Canon Clinton Jones: A Revolutionary Figure in Connecticut’s LGBTQ+ History
Portrait of an older man wearing a black suit and a white clerical collar. He is also wearing glasses and has a white handkerchief in his breast pocket

Clinton Jones - GLBTQ Archives, Central Connecticut State University

By Eve Galanis

At the precipice of the modern LGBTQ+ movement, an Episcopal priest in Connecticut named Canon Clinton Jones spearheaded one of the first major LGBTQ+ advocacy organizations and mental health supports in the state. He revolutionized community care and support—inspiring generations to come.

Early Life

Clinton Jones was born in 1916 to a farming family in Brookfield, Connecticut. As a child, Jones went to St. Paul’s Episcopal Church with his mother, a church organist. Later, he attended Bard College, which according to Jones, was a “very modern, very liberal” program. After graduating, Jones attended the General Theological Seminary in New York, completing his master’s degree in divinity studies in 1941 when he was 24. By 1946, he was an ordained minister at Christ Church Cathedral in Hartford and after two years, the church appointed him as senior administrative priest, or canon.

Jones Begins LGBTQ+ Research

In the early 1960s, Jones took a special interest in homosexual research when he was appointed to the Rehabilitation Committee for the Greater Hartford Council of Churches. The Committee examined a variety of issues including treating drug addiction and transitioning people from in-patient mental health care back into public life. The Rehabilitation Committee began studying issues related to homosexuality, but Jones decided another separate committee needed to be established. This inspired the formation of the group, Project H.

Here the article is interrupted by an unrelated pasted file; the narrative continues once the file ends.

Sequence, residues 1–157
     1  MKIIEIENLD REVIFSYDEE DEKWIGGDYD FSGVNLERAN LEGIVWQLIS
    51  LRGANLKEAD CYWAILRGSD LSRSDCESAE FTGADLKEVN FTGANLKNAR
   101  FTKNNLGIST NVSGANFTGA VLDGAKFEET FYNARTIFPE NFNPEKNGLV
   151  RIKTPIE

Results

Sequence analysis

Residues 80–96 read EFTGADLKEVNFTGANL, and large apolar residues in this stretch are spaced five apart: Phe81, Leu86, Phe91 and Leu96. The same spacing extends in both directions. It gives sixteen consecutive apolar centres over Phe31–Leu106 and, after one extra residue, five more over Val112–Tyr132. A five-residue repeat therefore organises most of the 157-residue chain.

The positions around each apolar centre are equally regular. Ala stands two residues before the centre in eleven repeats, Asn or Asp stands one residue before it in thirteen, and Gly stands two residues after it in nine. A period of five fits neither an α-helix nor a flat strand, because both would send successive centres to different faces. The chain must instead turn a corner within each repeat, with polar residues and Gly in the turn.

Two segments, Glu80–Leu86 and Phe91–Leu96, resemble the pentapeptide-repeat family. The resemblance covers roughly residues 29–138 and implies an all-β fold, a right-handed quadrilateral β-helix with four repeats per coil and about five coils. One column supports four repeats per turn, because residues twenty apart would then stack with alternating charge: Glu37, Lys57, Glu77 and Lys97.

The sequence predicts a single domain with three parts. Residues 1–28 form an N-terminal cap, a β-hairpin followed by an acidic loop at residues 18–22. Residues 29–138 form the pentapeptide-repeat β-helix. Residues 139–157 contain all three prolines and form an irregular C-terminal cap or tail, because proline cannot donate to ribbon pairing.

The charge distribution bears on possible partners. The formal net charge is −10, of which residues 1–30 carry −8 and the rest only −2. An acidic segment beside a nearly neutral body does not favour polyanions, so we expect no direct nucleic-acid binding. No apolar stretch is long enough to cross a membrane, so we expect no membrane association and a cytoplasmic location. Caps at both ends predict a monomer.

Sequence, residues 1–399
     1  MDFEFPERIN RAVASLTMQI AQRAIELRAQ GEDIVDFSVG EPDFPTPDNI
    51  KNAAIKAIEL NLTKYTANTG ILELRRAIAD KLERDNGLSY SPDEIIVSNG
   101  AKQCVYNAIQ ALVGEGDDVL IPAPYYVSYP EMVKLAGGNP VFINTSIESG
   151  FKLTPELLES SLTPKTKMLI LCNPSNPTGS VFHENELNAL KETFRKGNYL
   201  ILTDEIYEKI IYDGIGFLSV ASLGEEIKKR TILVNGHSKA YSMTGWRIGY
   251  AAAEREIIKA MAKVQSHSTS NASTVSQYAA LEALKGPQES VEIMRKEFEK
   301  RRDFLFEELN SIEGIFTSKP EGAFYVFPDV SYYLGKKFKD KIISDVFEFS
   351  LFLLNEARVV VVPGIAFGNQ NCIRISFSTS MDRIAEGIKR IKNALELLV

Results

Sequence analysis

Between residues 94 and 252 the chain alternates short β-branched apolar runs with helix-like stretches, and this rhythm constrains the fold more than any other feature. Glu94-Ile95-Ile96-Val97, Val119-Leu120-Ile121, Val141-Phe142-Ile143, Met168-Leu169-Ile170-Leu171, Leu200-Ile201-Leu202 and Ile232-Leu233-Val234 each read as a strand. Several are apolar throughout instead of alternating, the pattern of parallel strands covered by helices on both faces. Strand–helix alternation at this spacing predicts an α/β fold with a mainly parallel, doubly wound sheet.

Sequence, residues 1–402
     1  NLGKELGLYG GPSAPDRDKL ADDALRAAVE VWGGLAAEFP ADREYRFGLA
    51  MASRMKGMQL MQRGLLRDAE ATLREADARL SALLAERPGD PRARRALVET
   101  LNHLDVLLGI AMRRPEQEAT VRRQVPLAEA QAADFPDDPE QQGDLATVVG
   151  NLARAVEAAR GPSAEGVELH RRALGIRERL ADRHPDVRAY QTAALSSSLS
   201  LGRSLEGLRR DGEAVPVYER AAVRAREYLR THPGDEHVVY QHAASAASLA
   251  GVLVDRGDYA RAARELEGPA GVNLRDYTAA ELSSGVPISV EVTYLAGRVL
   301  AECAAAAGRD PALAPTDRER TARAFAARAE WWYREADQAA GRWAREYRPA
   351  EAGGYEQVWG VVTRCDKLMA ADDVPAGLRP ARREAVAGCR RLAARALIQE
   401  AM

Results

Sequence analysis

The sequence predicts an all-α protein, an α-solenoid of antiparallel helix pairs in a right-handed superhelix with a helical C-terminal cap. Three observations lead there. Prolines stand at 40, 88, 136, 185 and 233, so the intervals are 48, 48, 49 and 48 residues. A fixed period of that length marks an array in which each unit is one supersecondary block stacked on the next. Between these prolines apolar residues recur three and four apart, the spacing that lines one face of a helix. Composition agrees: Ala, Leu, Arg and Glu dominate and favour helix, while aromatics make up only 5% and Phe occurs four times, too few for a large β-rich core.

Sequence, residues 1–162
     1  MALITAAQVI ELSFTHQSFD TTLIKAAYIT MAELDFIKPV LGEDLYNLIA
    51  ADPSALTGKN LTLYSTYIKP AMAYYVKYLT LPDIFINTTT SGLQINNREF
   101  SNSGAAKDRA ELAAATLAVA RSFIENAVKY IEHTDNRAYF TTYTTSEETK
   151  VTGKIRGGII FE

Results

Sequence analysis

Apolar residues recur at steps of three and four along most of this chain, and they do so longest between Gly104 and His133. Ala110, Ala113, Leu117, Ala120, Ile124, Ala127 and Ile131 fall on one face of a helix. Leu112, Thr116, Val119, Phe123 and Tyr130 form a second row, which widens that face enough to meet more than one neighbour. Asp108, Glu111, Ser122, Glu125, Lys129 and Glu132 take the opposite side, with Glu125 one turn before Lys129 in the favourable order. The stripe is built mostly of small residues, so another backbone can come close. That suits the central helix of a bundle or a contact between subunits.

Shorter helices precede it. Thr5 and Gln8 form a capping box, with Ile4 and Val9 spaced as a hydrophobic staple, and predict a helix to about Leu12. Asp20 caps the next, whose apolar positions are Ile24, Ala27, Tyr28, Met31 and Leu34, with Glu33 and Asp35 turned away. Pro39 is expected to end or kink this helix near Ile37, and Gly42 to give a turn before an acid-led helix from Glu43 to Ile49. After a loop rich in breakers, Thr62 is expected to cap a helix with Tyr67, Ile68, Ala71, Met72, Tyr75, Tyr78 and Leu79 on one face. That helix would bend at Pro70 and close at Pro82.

Project H

In partnership with Trinity College psychology professor Dr. George Higgins and attorney Donald Cantor, Jones formed Project H in 1963. Project H provided educational and counseling services for gay people in the Christian community. The group met at the Hartford YMCA with social workers, psychologists, and clergy providing services. The origins of the name derived from the need for secrecy—YMCA administrators were concerned about how signs that said “homosexuality” would look around the building. They asked for the group to come up with a more discreet name—hence, Project H.